US President Barack Obama speaks on economic themes at the Center for American Progress December 4, 2013 in Washington, DC. Obama spoke at the think tank about economic inequality and a lack of upward mobility.
Credit: Aude Guerrucci

After weeks dominated by the dysfunctional launch of his most important piece of legislation reforming the national health care system, Barack Obama on Wednesday tried to nudge the national spotlight on a deeper issue: the still growing gaps in income and opportunity between the richest Americans and the rest of the country.

Citing the words and deeds of presidents past — Democrats and Republicans alike — Obama equated income disparity as measured by an array of economic statistics as the “defining challenge of our time.”

Returning to an issue he highlighted in his 2013 State of the Union address, Obama said he wanted to dispel three myths about inequality he believes are keeping Americans from engaging with the issue: 1) that inequality primarily affects poor racial minorities; 2) that growing the economy and increasing equality are mutually exclusive; and 3) that the US government can't do anything about reducing inequality.

"The decades-long shifts in the economy have hurt all groups," Obama said before a friendly audience at the Center for American Progress, a liberal Washington think tank. "Some of the shifts that were once attributed to the urban poor…it turns out now we're seeing that pop up everywhere."

Just days after Pope Francis issued an apostolic exhortation eviscerating the “dictatorship of an impersonal economy lacking a truly human purpose,” Obama argued that government programs like Social Security and unemployment benefits are essential safety nets preserving the chance for Americans to move up in society, while casting the Affordable Healthcare Act as a positive step toward reducing inequality. He also advocated a "middle class economics" that prioritizes investment in public education, protection of workers' rights including strengthening collective bargaining laws and raising the national minimum wage.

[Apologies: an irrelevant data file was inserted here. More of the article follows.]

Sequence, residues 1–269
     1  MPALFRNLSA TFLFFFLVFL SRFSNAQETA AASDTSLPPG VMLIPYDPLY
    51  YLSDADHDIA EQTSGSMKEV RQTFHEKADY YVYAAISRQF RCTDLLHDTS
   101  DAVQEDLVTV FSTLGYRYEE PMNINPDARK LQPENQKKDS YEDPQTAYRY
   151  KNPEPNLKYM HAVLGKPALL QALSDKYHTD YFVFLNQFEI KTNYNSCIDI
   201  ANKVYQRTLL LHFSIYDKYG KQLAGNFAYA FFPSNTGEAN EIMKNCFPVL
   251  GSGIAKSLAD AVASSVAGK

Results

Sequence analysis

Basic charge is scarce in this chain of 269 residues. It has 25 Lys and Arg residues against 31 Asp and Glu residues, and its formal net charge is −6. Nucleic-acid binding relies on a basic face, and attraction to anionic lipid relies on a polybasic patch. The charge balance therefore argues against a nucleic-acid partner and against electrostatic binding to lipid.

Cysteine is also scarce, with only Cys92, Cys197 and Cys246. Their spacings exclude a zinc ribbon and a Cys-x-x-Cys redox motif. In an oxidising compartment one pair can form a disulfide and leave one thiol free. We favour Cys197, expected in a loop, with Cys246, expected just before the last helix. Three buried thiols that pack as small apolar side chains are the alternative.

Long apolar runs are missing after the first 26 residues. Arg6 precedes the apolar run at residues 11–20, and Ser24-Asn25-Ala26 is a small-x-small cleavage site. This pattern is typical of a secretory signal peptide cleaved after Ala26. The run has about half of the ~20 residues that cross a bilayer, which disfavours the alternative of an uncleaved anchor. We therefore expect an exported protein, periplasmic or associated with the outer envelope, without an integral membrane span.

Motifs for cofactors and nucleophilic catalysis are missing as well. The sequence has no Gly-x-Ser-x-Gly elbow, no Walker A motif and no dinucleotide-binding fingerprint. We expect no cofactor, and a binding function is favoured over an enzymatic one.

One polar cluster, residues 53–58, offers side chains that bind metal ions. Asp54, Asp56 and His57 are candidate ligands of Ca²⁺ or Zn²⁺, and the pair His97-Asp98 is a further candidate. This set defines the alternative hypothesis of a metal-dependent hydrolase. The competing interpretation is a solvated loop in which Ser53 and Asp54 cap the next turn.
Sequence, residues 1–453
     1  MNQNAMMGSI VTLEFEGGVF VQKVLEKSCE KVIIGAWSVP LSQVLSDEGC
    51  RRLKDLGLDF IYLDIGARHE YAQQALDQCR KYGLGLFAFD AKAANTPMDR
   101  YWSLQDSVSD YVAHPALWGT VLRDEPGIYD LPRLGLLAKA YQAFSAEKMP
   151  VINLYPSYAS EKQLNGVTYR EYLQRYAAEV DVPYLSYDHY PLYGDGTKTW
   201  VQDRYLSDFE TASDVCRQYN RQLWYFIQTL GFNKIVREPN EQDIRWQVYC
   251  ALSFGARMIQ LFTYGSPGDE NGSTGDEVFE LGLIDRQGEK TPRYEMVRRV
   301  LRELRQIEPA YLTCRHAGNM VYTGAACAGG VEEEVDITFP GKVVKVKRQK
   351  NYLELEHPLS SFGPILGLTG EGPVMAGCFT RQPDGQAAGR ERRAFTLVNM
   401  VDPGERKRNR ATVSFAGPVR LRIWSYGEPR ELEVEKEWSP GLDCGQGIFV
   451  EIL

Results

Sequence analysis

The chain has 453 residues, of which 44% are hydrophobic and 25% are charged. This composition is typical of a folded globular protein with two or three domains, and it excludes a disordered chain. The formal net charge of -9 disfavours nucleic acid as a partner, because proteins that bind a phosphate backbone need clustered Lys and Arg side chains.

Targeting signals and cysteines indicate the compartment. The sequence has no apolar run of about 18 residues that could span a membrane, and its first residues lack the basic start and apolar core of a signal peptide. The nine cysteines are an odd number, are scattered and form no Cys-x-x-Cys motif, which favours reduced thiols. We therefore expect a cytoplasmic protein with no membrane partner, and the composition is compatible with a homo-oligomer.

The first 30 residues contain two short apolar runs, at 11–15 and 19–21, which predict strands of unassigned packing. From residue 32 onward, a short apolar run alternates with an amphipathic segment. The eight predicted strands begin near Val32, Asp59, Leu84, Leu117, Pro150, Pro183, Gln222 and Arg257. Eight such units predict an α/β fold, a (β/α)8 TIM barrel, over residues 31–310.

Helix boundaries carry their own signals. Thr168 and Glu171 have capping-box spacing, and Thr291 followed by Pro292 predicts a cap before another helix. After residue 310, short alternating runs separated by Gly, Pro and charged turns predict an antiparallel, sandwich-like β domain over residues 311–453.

More from GlobalPost: 'The Great Divide' — A Special Report on global income inequality

Obama noted that since he graduated from high school in the late 1970s, the US economy had roughly doubled in size, and yet more than half of the income created in the process went to the top 10 percent of American families.

Indeed, studies consistently indicate that US income disparity has been growing almost unabated since about 1970, accelerating during the 1980s and peaking just before the 2009 financial crisis, when they reached a level not seen since the crash of 1929.

The recession that followed the collapse of Lehman Brothers caused a temporary halt in the growth of the gap, but subsequent numbers suggest that the gap has again started to grow.

What’s more, separate studies show that the children of middle class and poor Americans are less likely than ever to attain the next rung on the economic ladder — a stark rebuke to the notion of the American Dream.

“A child born in the top 20 percent has about a 2-in-3 chance of staying at or near the top,” Obama said. “A child born into the bottom 20 percent has a less than 1-in-20 shot at making it to the top. He’s 10 times likelier to stay where he is,” he continued, adding that children from Germany, France and Canada now stand a far better chance of advancement.

“The combined trends of increased inequality and decreasing mobility pose a fundamental threat to the American Dream, our way of life and what we stand for around the globe. And it is not simply a moral claim that I’m making here. There are practical consequences to rising inequality and reduced mobility.”

Economists have tracked and debated the causes and the significance of the trend for decades.

But the idea that wealth disparity in America had reached Third World proportions certainly did qualify. In a recent series (and an upcoming ebook), The Great Divide, GlobalPost correspondents found that the levels of inequality in many American communities are approaching those of the emerging world.

Using the standard economic measure of income inequality known as the Gini coefficient, the series showed that many American cities now rank so poorly that they now have emerging world statistical doppelgangers — cities in countries just emerging from decades of dictatorship, dysfunction or worse whose income disparities precisely mirror those of American communities.

Obama echoed these concerns in Wednesday’s remarks. America, he said, faces “a dangerous and growing inequality and lack of upward mobility that has jeopardized middle-class America’s basic bargain that if you work hard, you have a chance to get ahead. I believe this is the defining challenge of our time: making sure our economy works for every working American.” 

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